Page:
It works so well, because Peace was West Yorkshire born and raised. Obsessed by the Ripper case as a boy, he has recalled wagging school to go rubber necking outside the court when the real Ripper, Peter Sutcliffe, was finally apprehended in 1983.

Peace’s northern England is terrorised first by a mass murderer, second by the police who are supposed to protect it, and finally by conservative British Prime Minister Margaret Thatcher in her quest to smash the miners’ union.

The Red Riding Trilogy is available in dvd by Studio Canal and Madman

A version of this review first appeared in Crime Factory, May-June 2010

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6 responses to “The Red Riding trilogy: David Peace’s Northern England nightmare

  1. Hi Andrew,

    Thanks for your comments on my blog. I have added your blog to my list of those that I enjoy. I would be more than happy for you to do the same for mine.

    “To The North”. I am glad that you are such a big fan of the Red Riding Trilogy that was put out on TV in the UK. It really was must watch stuff and I thought it was excellent. I had never read any of Peace’s stuff before and now having read the first three of Red Riding I have to say that the screen writers, directors, and actors all did an amazing job turning his work into a viable filmic version.

    Reading his books it would easy to think that it is essentially unfilmable due to its strange narrative threads and confusing intenal/external monologues but they certainly succeed. They captured the place and “feel” of his work brilliantly and managed to condense the four books in a way that did not alter its magic. I loved the way that 1974 was shot and Andrew Garfield was an excellent lead but I think I enjoyed 1980 the most. I really rate Considine and thought his investigations into corruption where delightfully dark and confusing. I think that 1980 was shot as if it was to be released as a stand alone cinema piece, which I think shows.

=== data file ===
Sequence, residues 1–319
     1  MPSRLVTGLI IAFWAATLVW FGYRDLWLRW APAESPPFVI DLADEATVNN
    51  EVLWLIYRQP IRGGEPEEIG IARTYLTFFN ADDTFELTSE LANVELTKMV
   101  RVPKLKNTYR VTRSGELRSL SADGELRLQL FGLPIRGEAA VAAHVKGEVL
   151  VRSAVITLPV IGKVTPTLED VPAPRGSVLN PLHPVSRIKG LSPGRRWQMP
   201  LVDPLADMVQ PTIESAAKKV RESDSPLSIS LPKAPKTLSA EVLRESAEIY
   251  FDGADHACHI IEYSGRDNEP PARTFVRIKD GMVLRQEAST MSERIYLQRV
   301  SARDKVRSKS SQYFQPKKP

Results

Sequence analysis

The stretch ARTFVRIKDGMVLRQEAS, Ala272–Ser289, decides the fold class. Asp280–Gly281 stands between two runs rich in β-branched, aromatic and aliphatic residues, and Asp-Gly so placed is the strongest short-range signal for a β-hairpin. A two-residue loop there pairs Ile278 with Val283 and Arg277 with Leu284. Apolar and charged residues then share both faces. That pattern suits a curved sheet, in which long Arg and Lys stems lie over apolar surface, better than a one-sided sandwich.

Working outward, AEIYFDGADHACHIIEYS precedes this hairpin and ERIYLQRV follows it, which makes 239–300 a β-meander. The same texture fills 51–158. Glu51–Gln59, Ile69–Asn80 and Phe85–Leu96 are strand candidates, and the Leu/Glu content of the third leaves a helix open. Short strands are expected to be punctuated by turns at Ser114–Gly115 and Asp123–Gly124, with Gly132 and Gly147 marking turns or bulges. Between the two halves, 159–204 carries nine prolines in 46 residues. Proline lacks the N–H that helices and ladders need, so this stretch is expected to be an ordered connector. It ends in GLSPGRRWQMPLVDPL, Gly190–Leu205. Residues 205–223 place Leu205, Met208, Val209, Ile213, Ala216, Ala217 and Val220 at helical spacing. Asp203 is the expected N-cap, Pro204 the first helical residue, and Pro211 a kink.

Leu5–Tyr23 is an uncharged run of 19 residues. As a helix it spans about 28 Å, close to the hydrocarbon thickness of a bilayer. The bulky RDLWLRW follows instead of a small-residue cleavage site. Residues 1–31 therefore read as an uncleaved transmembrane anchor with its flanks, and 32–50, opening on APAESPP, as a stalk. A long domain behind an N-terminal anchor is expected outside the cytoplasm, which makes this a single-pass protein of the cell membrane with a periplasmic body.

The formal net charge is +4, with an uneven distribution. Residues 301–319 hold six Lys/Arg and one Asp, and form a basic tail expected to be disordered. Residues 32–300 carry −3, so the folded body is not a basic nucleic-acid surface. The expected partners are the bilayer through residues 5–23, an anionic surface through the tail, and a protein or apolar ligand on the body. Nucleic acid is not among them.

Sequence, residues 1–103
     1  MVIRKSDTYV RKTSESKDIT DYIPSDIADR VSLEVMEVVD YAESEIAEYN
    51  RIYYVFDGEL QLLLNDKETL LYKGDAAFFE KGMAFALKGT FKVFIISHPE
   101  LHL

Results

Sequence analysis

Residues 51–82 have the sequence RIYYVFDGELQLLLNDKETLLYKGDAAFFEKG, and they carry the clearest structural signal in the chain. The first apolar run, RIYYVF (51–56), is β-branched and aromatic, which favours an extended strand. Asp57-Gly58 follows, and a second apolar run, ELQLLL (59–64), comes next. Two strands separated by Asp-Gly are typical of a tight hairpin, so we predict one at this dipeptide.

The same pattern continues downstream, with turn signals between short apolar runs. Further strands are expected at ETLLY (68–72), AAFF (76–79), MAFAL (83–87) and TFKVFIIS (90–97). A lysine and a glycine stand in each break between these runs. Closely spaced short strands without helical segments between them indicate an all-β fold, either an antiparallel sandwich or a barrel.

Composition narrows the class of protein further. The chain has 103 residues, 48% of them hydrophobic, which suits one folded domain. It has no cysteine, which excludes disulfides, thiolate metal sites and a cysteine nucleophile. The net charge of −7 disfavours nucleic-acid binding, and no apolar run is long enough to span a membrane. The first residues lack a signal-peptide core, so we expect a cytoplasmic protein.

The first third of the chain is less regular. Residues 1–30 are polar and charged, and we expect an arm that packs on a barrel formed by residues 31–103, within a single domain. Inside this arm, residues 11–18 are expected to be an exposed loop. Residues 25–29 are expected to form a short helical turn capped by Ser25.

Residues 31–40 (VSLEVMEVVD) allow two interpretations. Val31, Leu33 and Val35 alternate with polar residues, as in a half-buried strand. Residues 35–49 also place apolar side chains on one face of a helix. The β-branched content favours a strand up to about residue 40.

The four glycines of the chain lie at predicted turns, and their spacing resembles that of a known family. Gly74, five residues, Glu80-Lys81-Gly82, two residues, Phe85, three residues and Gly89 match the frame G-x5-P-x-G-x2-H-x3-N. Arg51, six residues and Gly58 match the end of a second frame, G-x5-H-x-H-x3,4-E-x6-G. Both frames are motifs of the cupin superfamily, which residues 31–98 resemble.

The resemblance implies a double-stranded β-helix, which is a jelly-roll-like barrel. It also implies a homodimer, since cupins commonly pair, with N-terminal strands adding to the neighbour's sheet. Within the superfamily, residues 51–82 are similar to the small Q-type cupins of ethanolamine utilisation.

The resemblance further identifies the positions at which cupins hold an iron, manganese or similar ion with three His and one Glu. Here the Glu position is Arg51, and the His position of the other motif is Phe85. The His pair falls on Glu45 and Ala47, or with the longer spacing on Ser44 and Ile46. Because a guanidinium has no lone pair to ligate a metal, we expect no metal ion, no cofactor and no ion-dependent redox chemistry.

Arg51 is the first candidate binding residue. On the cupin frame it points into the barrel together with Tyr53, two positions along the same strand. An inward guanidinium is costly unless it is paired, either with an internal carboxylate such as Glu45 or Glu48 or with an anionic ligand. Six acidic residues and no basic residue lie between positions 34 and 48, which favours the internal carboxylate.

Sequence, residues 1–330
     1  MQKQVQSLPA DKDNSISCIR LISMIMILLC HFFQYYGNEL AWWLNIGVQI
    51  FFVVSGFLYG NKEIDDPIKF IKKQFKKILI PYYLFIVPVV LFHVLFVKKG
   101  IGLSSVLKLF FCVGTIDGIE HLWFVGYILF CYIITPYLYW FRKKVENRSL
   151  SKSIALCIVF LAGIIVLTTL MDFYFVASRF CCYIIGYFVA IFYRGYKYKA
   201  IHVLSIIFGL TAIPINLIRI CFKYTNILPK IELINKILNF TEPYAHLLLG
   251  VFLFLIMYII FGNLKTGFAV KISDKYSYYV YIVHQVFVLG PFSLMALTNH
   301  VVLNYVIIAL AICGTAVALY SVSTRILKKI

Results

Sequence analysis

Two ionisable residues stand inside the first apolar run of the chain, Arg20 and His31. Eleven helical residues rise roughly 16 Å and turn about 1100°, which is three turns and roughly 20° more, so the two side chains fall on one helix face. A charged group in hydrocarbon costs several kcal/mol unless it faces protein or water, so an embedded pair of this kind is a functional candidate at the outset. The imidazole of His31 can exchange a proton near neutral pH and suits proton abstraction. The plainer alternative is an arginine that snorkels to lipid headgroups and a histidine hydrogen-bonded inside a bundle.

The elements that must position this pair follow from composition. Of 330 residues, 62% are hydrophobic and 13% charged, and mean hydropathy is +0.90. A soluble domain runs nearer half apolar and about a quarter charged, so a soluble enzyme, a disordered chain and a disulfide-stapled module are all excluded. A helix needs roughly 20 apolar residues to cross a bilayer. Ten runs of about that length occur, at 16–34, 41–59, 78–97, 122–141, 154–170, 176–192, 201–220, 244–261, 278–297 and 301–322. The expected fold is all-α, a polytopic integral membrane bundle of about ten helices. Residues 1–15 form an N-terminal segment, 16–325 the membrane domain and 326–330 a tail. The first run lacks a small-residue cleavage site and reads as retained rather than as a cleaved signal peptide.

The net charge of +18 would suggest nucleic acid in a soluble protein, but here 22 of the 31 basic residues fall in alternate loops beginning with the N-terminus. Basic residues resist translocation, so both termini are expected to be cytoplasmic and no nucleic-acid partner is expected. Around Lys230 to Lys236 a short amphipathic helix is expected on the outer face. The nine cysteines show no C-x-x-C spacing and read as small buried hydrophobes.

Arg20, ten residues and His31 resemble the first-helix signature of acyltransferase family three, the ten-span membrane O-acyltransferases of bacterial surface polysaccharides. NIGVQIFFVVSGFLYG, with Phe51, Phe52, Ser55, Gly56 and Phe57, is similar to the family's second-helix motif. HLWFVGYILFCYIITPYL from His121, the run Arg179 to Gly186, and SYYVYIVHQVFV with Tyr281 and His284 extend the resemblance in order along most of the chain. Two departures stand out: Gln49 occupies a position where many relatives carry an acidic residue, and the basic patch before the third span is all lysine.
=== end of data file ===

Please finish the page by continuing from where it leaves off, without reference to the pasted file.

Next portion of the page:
Yes it is different to the book. And yes that is definately acceptable when the outcome was this wonderful. I remember watching though and thinking…could the four books have been better served by a long running American style TV series a la The Sopranos? I would be interested to hear your thoughts.

    Peace has said that he has tried to combine the rawness of American crime writers like Ellroy and connect that with northern english social commentary and I think that in some ways the setting and period detail brings that vision to life in a way that is much more inclusive than the books.

    Also, and sorry for such a long post, I would be very interested in reading your manuscript and perhaps reviewing it on my blog. Contact me at dtkmolise (a) hot mail . com if you would like to discuss further. Out of interest where did you find my blog?

    Cheers,

    DTK

  2. i always thought the trilogy consisted of 1977, 1980 and 1983 leaving 1974 out?

  3. Nope. 1977 was the book left out of the films.

  4. Okay. Any reason for that?

    I’ve not read it but it’s a matter of days until i will. 1974 needs to be finished first.

  5. @do not mention the war

    The four books were condensed into three films. Story threads and characters are changed/condensed from the books into the films, so the main thread of 1977 (a copper and journo running around with whores in Chapeltown, Leeds) is written out of the films mainly because it is not vital to the overarching plot of Red Riding and possibly because of budgetary concerns.

    I hope that helps!

  6. Thanks for the comment and for the info.